Waft: Chronolith

a3718380584_10 I believe that southern fried doom should be a sub genre. Waft-among a few others-would be a part of that sub genre. Waft is from South Carolina and are also a part of the kind of doom revolution. There have been doom bands starting up like hellish forest fires lately. Waft is definitely a part of that revolution. The new doom age is a good thing to be a part of. There are now doom acts popping up everywhere. It’s spreading like the plague, but a plague that you want to be a part of instead of cower in fear of. Chronolith is the second release by this band and some of the songs that make an appearance here are also on the record that was out a year before this. With those songs in hand as well as a few new ones Chronolith was born.

There are six songs total on this album that amount to a pretty solid run time. Instead of having songs that last well over ten minutes however, Waft cut them shorter than most doom acts keeping the longest at just over seven minutes and the shortest at two minutes. Waft pretty  much stick to the typical doom standards. The riffs are low and slow and dissonant, and the drums follow suit and the bass vibrates loud and proud.

Even though the formula is followed pretty closely to other doom acts, Waft does use something to their advantage and that is the southern dirty, thick style of doom that they produce. Southern doom separates itself from other styles because you don’t feel that cold darkness that you feel while listening to doom that is entirely meant to make you slit your wrists. Instead it is a good mixture of sludge and the trudging doom that it has become to be known as.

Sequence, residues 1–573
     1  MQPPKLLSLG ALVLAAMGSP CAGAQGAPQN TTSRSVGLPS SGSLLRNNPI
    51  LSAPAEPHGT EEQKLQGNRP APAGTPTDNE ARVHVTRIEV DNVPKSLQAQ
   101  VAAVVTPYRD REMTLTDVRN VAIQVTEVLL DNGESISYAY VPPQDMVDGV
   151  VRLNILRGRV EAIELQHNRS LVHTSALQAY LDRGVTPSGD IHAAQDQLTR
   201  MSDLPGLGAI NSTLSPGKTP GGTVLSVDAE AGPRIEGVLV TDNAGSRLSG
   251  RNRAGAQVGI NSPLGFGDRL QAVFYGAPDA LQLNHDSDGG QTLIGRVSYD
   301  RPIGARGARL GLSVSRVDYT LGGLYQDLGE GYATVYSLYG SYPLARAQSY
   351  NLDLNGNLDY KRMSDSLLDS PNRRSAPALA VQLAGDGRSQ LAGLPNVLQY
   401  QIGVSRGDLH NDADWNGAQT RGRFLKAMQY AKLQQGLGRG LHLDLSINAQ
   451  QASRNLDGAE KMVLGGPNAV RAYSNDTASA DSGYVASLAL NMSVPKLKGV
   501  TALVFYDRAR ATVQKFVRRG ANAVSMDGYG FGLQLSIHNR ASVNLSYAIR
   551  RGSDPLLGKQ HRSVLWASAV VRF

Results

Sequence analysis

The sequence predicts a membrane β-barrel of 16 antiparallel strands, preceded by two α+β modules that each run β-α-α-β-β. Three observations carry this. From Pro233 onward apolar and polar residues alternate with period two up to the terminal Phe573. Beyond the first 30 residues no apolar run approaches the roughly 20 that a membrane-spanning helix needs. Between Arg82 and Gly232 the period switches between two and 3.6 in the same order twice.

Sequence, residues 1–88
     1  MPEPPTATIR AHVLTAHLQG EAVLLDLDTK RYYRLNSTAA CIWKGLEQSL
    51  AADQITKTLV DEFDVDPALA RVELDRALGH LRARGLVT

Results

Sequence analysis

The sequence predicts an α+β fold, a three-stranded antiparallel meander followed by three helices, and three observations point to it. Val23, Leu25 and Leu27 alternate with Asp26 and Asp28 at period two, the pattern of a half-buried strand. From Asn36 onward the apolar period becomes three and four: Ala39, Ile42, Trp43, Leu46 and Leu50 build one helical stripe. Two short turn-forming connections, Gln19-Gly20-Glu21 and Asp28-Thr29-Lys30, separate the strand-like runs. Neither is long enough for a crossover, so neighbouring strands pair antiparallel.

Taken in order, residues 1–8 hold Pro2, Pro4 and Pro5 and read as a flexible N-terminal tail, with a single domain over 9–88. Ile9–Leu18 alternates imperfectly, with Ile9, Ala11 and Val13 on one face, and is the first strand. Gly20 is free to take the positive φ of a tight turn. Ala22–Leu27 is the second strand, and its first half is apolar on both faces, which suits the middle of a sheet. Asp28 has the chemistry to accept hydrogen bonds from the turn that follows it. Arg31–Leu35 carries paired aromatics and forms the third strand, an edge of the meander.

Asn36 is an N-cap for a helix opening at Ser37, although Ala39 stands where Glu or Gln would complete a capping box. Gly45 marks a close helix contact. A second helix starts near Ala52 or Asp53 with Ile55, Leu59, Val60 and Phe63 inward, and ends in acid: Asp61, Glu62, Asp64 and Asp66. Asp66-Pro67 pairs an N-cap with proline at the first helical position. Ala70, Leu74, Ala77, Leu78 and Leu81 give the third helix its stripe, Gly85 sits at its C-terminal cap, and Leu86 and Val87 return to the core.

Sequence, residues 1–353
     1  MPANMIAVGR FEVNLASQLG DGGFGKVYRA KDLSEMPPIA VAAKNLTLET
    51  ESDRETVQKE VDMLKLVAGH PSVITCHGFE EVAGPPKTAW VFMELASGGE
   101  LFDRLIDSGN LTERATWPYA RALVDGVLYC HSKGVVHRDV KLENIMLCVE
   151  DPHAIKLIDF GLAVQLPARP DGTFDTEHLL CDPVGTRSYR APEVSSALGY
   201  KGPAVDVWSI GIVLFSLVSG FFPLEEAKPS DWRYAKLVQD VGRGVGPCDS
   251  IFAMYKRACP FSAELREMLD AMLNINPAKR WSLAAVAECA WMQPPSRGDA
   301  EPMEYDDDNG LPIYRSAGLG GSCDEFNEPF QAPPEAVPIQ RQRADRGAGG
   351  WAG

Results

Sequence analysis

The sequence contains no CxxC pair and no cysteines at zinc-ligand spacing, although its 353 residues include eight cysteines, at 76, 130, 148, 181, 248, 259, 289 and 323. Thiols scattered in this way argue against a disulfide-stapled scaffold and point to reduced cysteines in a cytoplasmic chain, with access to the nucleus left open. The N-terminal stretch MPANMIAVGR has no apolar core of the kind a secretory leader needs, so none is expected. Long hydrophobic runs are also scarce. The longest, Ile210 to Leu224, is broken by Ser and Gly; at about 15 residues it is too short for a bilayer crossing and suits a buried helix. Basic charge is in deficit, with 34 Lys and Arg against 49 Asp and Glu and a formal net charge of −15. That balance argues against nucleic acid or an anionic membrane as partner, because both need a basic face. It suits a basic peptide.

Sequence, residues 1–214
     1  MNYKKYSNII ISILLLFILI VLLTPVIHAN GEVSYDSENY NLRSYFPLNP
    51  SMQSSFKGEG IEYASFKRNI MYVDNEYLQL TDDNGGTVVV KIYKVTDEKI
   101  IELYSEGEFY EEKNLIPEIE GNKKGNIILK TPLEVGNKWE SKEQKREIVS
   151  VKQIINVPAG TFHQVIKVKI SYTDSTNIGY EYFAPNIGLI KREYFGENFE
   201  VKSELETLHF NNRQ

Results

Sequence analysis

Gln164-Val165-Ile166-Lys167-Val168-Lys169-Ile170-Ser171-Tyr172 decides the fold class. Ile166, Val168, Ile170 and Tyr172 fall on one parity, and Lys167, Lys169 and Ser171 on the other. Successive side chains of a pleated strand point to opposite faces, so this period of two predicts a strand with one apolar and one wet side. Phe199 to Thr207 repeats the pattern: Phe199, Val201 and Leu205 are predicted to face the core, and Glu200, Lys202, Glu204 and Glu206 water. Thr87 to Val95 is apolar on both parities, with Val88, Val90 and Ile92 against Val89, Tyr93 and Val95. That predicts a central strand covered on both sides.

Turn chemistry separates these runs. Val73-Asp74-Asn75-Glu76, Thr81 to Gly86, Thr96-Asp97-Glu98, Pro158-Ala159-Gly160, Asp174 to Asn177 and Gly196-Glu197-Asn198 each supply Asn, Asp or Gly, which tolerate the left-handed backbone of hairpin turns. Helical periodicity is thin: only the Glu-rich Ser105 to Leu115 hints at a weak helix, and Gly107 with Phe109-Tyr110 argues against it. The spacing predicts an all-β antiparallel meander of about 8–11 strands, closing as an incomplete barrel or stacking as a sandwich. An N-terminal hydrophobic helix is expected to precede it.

Sticking with the southern theme, the riffs are country fried in doom batter only to be slathered all over every track. Sludge does play a part when the songs pick the tempo up from the muddy crawl that makes up the majority of the songs. Bass is also a key fixture in any good doom/sludge. Without a constant buzzing bass there isn’t good doom. The bass provides back bone to the songs, without the back bone provided by the bass doom in general would just sound odd. However, Waft does provide the bass for days to come. The bass even gets to shine all by itself with a bass solo of sorts in the song Warpaint. With the deep  fried musicianship that is certainly head bang worthy, Waft provide some depraved shrieks as well. Throughout Chronolith the vocalist screams and yells until he’s probably blue in the face. The vocals are rough and almost as buzz filled as the guitars are.

As I said up top, southern fried doom should be a genre, and if it isn’t then it’s time to start one. Waft are certainly a part of the new doom uprising and Chronolith is a good crunchy album for your ears to sink into.

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